Cambodian journalists not only face legal lawsuits, but also have limited access to information. Article 5 of the press law stipulates that journalists have to wait one month to obtain requested information from government officials.

The CCJ, Samitthy said, was considering establishing its own regulations to help journalists avoid lawsuits.

“An important step is to set up a national code of conduct for Cambodian journalists and a mechanism to enforce the code of conduct through the establishment of a self-regulatory body, known as a press council, which will monitor and deal with the issues between journalists and members of the public,” he said.

This is the lesson from Cambodia. But what about press freedom in India, an Asian country dubbed as the world’s largest democracy?

“The Indian Constitution, which came into force in 1950, stipulates that all citizens have the right to freedom of speech and expression,” Mukund Padmanabhan, Senior Associate Editor of The Hindu, said at the conference.

“Yet, the constitution does not have a specific provision for the freedom of the press. Press freedom is a defined right in India as it has its roots in the right to freedom of speech and expression of the citizen.”

Mukund specifically highlighted three laws – the Contempt Law, Defamation Law and Privilege Law – that had the potential to hamper press freedom in India, as they could be used to prosecute or even imprison journalists for their reports.

Meanwhile, press freedom in Malaysia and Singapore, which both impose an internal security act, remains a difficult issue to resolve.

The Reporters Without Borders group quoted Singaporean leaders as saying economic prosperity had to be paid for with freedom.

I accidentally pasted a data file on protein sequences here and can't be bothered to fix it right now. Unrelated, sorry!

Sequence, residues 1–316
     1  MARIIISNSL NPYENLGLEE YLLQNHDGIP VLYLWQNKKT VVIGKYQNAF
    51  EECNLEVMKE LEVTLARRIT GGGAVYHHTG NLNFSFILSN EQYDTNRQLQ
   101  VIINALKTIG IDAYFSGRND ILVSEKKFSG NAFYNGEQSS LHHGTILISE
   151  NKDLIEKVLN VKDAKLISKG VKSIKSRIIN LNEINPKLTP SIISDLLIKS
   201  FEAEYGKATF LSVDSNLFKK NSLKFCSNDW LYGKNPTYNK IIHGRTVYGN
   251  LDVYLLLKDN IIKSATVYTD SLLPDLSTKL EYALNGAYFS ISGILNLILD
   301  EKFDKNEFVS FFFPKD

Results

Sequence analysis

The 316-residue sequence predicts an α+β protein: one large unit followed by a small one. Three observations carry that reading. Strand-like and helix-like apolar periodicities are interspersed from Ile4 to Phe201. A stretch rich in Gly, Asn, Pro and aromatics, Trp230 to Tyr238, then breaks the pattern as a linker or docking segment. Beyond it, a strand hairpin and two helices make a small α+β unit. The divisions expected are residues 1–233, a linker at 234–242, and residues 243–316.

“I’m often accused of interfering in the private lives of citizens. Yet, if I did not, had I not done that, we wouldn’t be here today,” it quoted a statement by former Singaporean prime minister Lee Kuan Yew.

Lee’s remark, according to Reporters Without Borders, sums up the policy of the country’s longtime ruler – that civil liberties are never a priority and that a good citizen should always remember national interests are more important.

This has remained the government’s attitude since Lee partly handed over power to his successors in 1990, after ruling for 31 years.

Similarly, press freedom in Malaysia has been criticized as the press there has been heavily influenced by the government, in the name of prosperity and stability.

In the Philippines, however, as both judicial and press regulations have developed toward freedom of the press, problems that still hamper press freedom focus more around security and safety for media employees and organizations.

A report compiled by the National Union of Journalists of the Philippines (NUJP) revealed that five Philippine journalists were killed last year, increasing the total number of journalists killed under the Gloria Macapagal-Arroyo administration to 54.

Indonesia’s reform movement in 1998 led to the revocation of the Information Minister’s decree on media publishing licenses; the most effective tool of the New Order government in controlling the media.

Yet, reforms have also led people to exercise their rights independently, including the filing of both criminal and civil lawsuits by parties or individuals dissatisfied with media reports.